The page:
Review: With Fate Conspire
Admittedly, there are some great perks to being a reviewer. The lavish lifestyle includes all-expense-paid trips to foreign countries, supermodels, perfectly cooked steaks…OK, none of that. I get books. Lots and lots of books. Some are awesome, and some are terrible. One of the greatest perks is reading a novel I’d never have picked up on my own and discovering how fantastic it is. That happened to me last year when I read Marie Brennan‘s A STAR SHALL FALL (EBR Review). Set in historic London, the novel unexpectedly shoved me down in my comfy reading chair and didn’t let me up until I had finished the novel. Understand, that sort of thing rarely happens to me anymore.
Brennan’s latest, WITH FATE CONSPIRE (Amazon), quickly became one of my must-reads of the year. So when it came in the mail (personally sent by the author herself, no less) I happily returned to my comfy chair and began reading. The concern should be obvious. Could Brennan easily capture my imagination again? Would the literary lightening strike twice?
Yes. Yes it did.
WITH FATE CONSPIRE is a completely absorbing novel. I think, though, that much of the reason I loved Brennan’s latest is that she didn’t write the same type of novel again. Oh sure it is still about the Onyx Court. Faeries are still hidden right under the noses of the mortal Londoners. But this novel is SOOOOOO different. This story tales place in London of the 1800’s with the underground rail system being completed. As you can imagine, the iron rails are causing immense destruction in the Onyx Court. WITH FATE CONSPIRE is the tale of a civilization of faeries trying to save their home and preserve it for the future. This isn’t the love story that A STAR SHALL FALL was (though that element isn’t totally absent). This is a tale of corruption and redemption.
One of the main characters of the novel is Eliza, a girl who saw her childhood love abducted by faeries years ago. Her goal at first is simple; find her lost love. The other main character is Dead Rick, one of the fae. He has no memory of his life prior to a few years ago, and his memories are being held hostage. They are two wildly distinct characters, and neither one ever got to the point where I thought, “Geez, i wish we could get to the other character again…”
However with these individual character stories comes my only real tiny issue with the novel. That bit I mentioned about Eliza looking for her lost love? It’s mentioned on the dust jacket. It’s her main motivation for the entire story. Yet as a reader, the story tried overly hard to avoid telling me what happened until over half-way through the story. Sure it was a great reveal when it happened, but seeing it earlier (like, at the very beginning) in full detail wouldn’t have hurt the story in the slightest, and would have given me a much better reason to identify with her plight right at the onset of the story.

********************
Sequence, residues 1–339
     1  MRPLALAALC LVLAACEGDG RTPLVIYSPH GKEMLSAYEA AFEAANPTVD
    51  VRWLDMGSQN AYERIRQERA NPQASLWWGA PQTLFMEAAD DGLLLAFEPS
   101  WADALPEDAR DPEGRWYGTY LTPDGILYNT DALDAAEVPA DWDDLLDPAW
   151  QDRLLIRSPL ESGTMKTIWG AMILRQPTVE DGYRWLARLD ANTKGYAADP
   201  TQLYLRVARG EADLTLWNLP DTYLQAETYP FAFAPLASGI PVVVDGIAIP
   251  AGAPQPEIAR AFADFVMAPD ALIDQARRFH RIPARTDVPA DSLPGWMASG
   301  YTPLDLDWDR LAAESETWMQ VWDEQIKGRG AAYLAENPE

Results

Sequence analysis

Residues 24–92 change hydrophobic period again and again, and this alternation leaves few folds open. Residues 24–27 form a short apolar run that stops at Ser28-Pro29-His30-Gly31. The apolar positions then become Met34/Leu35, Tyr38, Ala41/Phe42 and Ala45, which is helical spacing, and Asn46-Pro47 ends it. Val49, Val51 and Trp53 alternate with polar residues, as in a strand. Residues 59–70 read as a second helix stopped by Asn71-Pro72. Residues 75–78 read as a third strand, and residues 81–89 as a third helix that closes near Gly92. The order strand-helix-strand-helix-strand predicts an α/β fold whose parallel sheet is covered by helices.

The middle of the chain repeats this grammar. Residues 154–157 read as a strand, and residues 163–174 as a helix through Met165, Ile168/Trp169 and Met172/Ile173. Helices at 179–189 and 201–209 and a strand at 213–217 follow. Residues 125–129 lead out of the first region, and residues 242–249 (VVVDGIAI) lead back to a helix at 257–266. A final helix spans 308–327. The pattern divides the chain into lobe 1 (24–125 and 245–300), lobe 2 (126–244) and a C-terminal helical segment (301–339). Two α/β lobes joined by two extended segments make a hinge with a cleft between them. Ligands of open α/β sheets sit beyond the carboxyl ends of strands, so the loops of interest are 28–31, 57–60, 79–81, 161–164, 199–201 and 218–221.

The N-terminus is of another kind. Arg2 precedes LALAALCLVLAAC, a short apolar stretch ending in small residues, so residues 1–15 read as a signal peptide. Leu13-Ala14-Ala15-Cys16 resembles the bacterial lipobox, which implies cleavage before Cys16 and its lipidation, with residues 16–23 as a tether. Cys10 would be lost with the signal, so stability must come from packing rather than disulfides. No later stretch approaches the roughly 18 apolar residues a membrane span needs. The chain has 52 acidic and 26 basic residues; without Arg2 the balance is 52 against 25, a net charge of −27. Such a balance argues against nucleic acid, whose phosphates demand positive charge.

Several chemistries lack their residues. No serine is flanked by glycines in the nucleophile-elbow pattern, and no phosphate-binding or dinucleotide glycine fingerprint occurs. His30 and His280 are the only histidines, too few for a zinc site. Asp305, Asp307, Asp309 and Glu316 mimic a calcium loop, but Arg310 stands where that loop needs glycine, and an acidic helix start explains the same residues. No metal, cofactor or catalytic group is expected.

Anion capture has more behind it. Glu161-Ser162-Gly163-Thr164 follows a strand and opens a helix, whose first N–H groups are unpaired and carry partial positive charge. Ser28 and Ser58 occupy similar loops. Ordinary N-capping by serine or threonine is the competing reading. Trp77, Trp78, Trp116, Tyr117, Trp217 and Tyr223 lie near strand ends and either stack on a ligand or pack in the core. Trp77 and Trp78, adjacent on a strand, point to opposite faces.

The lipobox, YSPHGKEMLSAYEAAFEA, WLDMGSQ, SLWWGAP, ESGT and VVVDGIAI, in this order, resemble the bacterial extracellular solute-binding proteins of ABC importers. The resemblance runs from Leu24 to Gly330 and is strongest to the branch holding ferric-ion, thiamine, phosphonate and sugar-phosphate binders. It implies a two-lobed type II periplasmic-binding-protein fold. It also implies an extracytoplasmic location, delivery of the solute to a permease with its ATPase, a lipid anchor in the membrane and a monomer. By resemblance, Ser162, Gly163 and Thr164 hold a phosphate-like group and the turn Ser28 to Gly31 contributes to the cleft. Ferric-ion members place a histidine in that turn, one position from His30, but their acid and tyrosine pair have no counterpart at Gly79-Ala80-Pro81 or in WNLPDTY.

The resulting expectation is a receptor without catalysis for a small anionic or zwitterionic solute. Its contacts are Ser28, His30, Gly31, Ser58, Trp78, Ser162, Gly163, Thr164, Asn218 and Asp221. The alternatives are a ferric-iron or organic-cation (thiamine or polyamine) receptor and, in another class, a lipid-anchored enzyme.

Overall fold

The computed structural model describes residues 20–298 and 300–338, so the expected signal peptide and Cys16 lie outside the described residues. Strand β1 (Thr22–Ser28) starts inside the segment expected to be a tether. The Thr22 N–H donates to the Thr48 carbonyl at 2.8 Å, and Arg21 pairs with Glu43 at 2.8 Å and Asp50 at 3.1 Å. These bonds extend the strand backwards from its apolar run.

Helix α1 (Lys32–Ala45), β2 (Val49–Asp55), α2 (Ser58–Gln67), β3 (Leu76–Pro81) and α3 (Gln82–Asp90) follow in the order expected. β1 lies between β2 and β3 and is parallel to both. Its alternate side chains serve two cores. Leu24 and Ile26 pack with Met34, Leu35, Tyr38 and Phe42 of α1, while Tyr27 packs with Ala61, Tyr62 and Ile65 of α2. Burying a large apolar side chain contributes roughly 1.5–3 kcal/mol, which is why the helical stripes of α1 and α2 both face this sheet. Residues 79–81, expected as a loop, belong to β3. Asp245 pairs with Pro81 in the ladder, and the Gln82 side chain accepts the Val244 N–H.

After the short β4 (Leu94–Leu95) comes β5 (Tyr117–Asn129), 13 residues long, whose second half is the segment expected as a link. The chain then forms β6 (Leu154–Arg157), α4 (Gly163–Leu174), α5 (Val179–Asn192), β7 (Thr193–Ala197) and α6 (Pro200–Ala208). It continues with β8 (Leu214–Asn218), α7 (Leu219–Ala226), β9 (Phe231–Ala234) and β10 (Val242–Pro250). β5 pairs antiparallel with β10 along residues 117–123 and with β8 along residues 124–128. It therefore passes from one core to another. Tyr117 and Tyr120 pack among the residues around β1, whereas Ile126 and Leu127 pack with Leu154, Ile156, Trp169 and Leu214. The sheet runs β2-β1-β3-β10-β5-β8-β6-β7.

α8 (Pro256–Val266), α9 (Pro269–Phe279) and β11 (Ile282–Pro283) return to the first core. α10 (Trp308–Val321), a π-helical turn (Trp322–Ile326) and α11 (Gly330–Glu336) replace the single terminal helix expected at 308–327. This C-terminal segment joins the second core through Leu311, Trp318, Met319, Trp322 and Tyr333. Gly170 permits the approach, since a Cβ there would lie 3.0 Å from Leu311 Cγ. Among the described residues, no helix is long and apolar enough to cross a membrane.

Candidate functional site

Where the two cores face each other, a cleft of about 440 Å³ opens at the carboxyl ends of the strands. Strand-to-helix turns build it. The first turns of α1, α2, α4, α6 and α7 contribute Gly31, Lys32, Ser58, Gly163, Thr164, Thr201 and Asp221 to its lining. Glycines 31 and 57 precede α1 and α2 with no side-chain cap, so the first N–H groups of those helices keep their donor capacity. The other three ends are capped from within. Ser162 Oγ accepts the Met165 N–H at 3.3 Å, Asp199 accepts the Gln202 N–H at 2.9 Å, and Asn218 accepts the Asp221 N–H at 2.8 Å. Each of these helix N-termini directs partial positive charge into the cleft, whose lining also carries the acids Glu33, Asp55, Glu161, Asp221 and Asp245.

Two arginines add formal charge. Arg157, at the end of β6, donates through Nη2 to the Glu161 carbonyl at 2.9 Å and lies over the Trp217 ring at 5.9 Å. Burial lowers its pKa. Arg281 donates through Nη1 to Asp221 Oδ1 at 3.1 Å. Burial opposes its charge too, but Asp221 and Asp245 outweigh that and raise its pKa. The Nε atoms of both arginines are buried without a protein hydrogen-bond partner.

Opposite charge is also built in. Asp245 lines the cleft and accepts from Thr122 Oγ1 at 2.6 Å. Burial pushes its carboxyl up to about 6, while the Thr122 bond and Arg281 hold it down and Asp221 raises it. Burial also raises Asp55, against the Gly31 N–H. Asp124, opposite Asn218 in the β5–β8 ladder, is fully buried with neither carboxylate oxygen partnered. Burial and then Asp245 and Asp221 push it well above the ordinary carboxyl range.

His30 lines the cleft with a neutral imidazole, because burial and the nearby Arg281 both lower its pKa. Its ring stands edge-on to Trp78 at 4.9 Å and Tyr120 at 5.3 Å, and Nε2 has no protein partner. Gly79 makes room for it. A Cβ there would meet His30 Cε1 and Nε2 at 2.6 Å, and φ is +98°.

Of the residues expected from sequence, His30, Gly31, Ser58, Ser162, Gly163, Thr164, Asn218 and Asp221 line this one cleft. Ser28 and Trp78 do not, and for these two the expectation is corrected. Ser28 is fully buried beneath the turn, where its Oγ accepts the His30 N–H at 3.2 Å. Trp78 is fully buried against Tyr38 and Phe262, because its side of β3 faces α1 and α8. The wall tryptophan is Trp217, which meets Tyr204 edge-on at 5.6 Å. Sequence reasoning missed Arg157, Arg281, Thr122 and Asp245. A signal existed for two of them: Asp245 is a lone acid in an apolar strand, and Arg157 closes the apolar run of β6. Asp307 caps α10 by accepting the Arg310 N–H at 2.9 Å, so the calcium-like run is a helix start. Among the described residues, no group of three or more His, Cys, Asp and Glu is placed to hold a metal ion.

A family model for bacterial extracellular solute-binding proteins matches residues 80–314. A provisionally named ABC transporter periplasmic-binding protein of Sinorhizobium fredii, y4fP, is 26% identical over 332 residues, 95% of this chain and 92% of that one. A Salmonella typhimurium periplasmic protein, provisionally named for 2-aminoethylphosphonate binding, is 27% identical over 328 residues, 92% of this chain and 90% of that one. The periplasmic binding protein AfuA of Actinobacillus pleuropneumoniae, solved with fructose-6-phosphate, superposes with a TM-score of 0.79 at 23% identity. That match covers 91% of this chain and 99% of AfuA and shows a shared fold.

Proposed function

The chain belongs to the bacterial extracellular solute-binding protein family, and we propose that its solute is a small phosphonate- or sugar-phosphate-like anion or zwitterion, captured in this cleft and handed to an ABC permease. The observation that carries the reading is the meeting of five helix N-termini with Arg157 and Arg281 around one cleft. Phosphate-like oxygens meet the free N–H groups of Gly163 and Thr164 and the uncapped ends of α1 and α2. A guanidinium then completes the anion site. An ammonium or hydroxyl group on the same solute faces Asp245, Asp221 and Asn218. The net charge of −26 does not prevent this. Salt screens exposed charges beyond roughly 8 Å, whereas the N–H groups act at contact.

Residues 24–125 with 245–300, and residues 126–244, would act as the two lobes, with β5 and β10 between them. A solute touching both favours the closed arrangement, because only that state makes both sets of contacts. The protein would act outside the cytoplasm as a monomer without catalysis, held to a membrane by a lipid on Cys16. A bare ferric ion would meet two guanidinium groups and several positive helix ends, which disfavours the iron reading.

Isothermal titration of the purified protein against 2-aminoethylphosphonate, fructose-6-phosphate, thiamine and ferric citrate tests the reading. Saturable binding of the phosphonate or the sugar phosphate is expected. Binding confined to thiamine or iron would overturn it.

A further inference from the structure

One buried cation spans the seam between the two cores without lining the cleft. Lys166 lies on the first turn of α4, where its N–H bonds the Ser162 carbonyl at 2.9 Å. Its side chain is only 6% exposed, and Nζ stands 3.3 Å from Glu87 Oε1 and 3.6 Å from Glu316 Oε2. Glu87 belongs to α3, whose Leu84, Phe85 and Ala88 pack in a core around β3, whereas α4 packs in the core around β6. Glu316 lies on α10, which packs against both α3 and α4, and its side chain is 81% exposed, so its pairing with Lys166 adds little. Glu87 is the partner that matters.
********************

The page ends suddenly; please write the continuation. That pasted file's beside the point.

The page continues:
But that’s it. That’s the only small thing that stood out. The rest was absolutely great.
The writing was fantastic. There are very few authors that really impress me with the way they write. Bakker. Valente. Gaiman. Brennan, for me, is right there. I love how she writes. Her descriptions of old London are vivid. If I’m honest, I’m seriously jealous of how she does it. Her pacing is slow, but never dull. I often felt like I was slowing down my reading purposely so I could catch all the little literary goodies she has buried in the pages. And even though this novel (as is the case with her prior novels as well) is slower, I found the reading to be easy and relaxing. The pages flew by.
I love how believable her characters are. Everything in this setting is bleak, yet the characters never truly give up hope. They will go to any length to meet their diverse goals.
Brennan’s work isn’t for everyone. There are some readers who just won’t like this novel as much as I do. Then again, that’s kind of the point. Different strokes for different folks, and all that. I love these books. WITH FATE CONSPIRE is absolutely fantastic. It can be read as the fourth book in the series, or by itself. Whichever way you read it, the important part is that you DO read it.
Like I said, being a reviewer has its perks. One of those is being able to discover an author as awesome as Marie Brennan.
- Recommended Age: 16+
- Language: Based on the types of characters encountered, and the time period, there is a lot more swearing than in the prior novel. It never really feels shock value though.
- Violence: Violence isn't really relied on in this series. Sure there is some great, brief action, but it isn't a focal point.
- Sex: Talked about, but nothing detailed